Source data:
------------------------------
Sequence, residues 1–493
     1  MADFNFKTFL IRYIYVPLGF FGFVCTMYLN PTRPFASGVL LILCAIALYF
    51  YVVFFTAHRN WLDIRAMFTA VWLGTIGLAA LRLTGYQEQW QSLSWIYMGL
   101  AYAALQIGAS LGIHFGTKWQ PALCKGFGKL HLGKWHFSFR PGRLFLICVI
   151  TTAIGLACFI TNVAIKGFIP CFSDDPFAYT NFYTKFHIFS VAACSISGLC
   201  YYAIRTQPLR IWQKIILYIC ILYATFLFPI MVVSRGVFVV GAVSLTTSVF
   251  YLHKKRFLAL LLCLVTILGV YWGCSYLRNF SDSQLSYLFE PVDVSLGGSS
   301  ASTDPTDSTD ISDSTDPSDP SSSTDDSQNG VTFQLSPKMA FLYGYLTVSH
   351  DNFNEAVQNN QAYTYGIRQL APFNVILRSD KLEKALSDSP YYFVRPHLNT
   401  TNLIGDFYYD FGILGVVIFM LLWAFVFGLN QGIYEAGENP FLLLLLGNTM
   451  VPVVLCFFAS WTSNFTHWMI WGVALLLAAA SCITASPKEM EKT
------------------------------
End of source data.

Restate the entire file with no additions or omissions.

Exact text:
Sequence, residues 1–493
     1  MADFNFKTFL IRYIYVPLGF FGFVCTMYLN PTRPFASGVL LILCAIALYF
    51  YVVFFTAHRN WLDIRAMFTA VWLGTIGLAA LRLTGYQEQW QSLSWIYMGL
   101  AYAALQIGAS LGIHFGTKWQ PALCKGFGKL HLGKWHFSFR PGRLFLICVI
   151  TTAIGLACFI TNVAIKGFIP CFSDDPFAYT NFYTKFHIFS VAACSISGLC
   201  YYAIRTQPLR IWQKIILYIC ILYATFLFPI MVVSRGVFVV GAVSLTTSVF
   251  YLHKKRFLAL LLCLVTILGV YWGCSYLRNF SDSQLSYLFE PVDVSLGGSS
   301  ASTDPTDSTD ISDSTDPSDP SSSTDDSQNG VTFQLSPKMA FLYGYLTVSH
   351  DNFNEAVQNN QAYTYGIRQL APFNVILRSD KLEKALSDSP YYFVRPHLNT
   401  TNLIGDFYYD FGILGVVIFM LLWAFVFGLN QGIYEAGENP FLLLLLGNTM
   451  VPVVLCFFAS WTSNFTHWMI WGVALLLAAA SCITASPKEM EKT